Sunday 19 June 2016

Made in Dorset #4 - Cider

Given the perception of cider as the perfect tipple to enjoy out of a two-litre bottle on a park bench, it’s easy to forget that it forms part of a noble tradition. Ironically for a drink that is often the ‘usual’ for those taking their first faltering steps in underage drinking, it’s one of the oldest drinks in Britain, a legacy of the Normans, who had been producing it in France since the sixth century. Production subsequently flourished in the warmer climate and chalky soils of the West Country, Southwest, Wales, Kent and East Anglia, and was a standard feature of the agricultural calendar when every farm had an apple orchard.

Today, cider makes up 9 percent of the UK drinks market and we guzzle 1.5 billion pints of the sugary beverage a year. Except we don’t. The vast majority of what we’re drinking isn’t real cider, but an overly sugary, fizzy catastrophe filled out with artificial flavourings.

Keeping it real
To taste real cider, which is one of the highlights of the food festivals and farmer’s markets across the county, is an epiphany. There are about 480 real cider makers in the UK, and their product must be at least 90 percent fresh apple juice, usually using our dry and astringent English bittersweet apples. Commercial canned cider, by contrast, only needs to contain around 35 percent apple juice. Real cider can be as dry as wine, as flat as apple juice, and as robust as a porter. Of course it can pack a kick, but the fruit and autumn aromas should come through most of all. The idea that cider should be carbonated is a marketing flourish more than a tradition, too.

It’s also relatively simple to make. Press late-autumn apples, introduce yeast, and allow the liquid to ferment, followed by maturing in wooden casks. The pigs get the pressed apple mulch, and counties like Dorset get big plastic jugs of West Country nectar. Look out for the following home-grown ciders...

Oliver and Penny were looking for a barn in which to do metal sculpting, and found themselves in charge of a 3,000-tree apple orchard near Bridport. They now produce 10 ciders using 11 varieties of apple, including Brown’s, Dabinett and Tremletts Bitters and rely solely on natural wild yeasts. Read more here...


Based in West Milton, near Bridport, Nick and Dawn Poole started producing cider in 2000 as a way of clearing their orchard to make way for horses. They started off making dry, clean farmhouse ciders such as Lancombe Rising, and are best known for their Dorset label: Starlight, Twilight and Moonlight. By ‘keeving’ the cider to remove natural yeasts before fermentation, they produce ciders that are naturally sweet. Read more here...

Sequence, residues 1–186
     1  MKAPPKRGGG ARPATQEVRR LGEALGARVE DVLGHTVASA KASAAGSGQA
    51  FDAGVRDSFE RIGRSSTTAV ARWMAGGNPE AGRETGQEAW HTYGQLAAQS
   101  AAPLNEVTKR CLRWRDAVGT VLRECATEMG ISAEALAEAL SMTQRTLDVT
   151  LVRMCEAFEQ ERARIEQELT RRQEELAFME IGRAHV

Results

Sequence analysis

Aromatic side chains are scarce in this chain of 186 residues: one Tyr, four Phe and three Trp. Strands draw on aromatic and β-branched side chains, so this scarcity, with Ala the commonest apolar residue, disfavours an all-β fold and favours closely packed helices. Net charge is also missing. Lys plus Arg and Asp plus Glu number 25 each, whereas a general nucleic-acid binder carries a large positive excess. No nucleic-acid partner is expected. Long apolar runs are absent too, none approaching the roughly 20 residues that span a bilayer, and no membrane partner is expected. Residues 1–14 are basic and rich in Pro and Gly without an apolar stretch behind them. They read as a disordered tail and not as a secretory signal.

Nigel Stewart is a regular feature at shows around the Southwest, serving cider from the cask wherever there’s a cider tent. His ciders blend around 11 varieties of Dorset and South Somerset apples, which are milled and pressed using a turn-of-the-century traditional press. The cider is squeezed between racks and cloths and left to ferment over the winter. The farm’s bottled sparkling cider is a Devon County Show winner. A wealth of information and clearly passionate about cider, Nigel is the person to talk to if you want to discover that everything you thought you knew about scrumpy was a cruel deception. Often touted as ‘real’ cider, it is – according to Nigel – a marketing sleight of hand designed to package lower quality apple hooch. Read more here...

Copse House Cider on table.jpg

Bob Chaplin received an award for a lifetime contribution to the cider industry, is secretary of the Southwest of England Cidermakers Association, and serves as a judge for regional competitions. Not surprisingly, his still and sparkling ciders from Kine Bush Farm in Sandley are among the best. The original Landshire Medium is a Taste of Dorset winner. The first press of the 11,000-tree orchard was just 1,000 litres in 2012, but production is growing significantly. Read more here...

Tim Beer Marshwood Vale Cider

Up until 2010, Marshwood Vale cider was made from hand-collected apples, pressed using a Victorian scatter mill and straw press, and fermented for six months in oak barrels. The process is a bit more hi-tech now, but the final product is still Real Cider with nearly all the sugar fermented to alcohol. As well as the well-regarded Tom Putt and Dorset Tit, the farm also produces mead, one of the oldest alcoholic drinks in the world. Read more here...


Joe Hartle, son of Peter and Hazel who created Purbeck Ice Cream, began cider production in 2006 in the Purbecks. You might have seen Joe’s Dry Cider, Dorset Draft or even the Devil’s Leaf mixed with nettles, among others. The next step is crowdfunding for a 15-acre, 5,500-tree orchard to move things to the next level. The campaign starts on July 1. Read more here...

If you have a particular cider to recommend, or just want to leave a comment, all contributions are welcome in the section below. 

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